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Fam Plann Perspect. 1998 Jan-Feb;30(1):24-9, 46.

Unintended pregnancy in the United States.

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  • 1Alan Guttmacher Institute, New York, USA.



Current debates on how to reduce the high U.S. abortion rate often fail to take into account the role of unintended pregnancy, an important determinant of abortion.


Data from the 1982, 1988 and 1995 cycles of the National Survey of Family Growth, supplemented by data from other sources, are used to estimate 1994 rates and percentages of unintended birth and pregnancy and the proportion of women who have experienced an unintended birth, an abortion or both. In addition, estimates are made of the proportion of women who will have had an abortion by age 45.


Excluding miscarriages, 49% of the pregnancies concluding in 1994 were unintended; 54% of these ended in abortion. Forty-eight percent of women aged 15-44 in 1994 had had at least one unplanned pregnancy sometime in their lives; 28% had had one or more unplanned births, 30% had had one or more abortions and 11% had had both. At 1994 rates, women can expect to have 1.42 unintended pregnancies by the time they are 45, and at 1992 rates, 43% of women will have had an abortion. Between 1987 and 1994, the unintended pregnancy rate declined by 16%, from 54 to 45 per 1,000 women of reproductive age. The proportion of unplanned pregnancies that ended in abortion increased among women aged 20 and older, but decreased among teenagers, who are now more likely than older women to continue their unplanned pregnancies. The unintended pregnancy rate was highest among women who were aged 18-24, unmarried, low-income, black or Hispanic.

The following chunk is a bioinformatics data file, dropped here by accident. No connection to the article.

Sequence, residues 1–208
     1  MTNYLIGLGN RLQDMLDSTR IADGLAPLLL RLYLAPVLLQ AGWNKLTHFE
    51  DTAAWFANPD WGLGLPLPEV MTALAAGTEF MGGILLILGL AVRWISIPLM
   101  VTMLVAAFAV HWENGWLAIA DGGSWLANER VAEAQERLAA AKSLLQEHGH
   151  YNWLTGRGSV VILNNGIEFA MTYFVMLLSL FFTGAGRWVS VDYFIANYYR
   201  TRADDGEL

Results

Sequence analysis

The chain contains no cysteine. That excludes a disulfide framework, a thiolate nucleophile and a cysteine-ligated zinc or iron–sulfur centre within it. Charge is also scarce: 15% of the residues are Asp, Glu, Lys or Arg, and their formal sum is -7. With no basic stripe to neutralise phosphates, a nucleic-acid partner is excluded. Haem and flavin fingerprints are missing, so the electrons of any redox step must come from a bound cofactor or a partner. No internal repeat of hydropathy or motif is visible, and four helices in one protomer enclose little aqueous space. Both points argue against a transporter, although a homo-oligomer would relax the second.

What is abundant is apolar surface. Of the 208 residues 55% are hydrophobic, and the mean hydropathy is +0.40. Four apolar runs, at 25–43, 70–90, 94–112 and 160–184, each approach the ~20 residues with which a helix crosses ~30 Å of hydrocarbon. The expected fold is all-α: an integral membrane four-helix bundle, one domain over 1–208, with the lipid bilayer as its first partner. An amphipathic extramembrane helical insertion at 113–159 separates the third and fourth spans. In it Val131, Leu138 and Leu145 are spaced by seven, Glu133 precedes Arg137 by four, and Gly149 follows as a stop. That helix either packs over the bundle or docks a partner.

Rates of unintended pregnancy have declined, probably as a result of higher contraceptive prevalence and use of more effective methods. Efforts to achieve further decreases should focus on reducing risky behavior, promoting the use of effective contraceptive methods and improving the effectiveness with which all methods are used.

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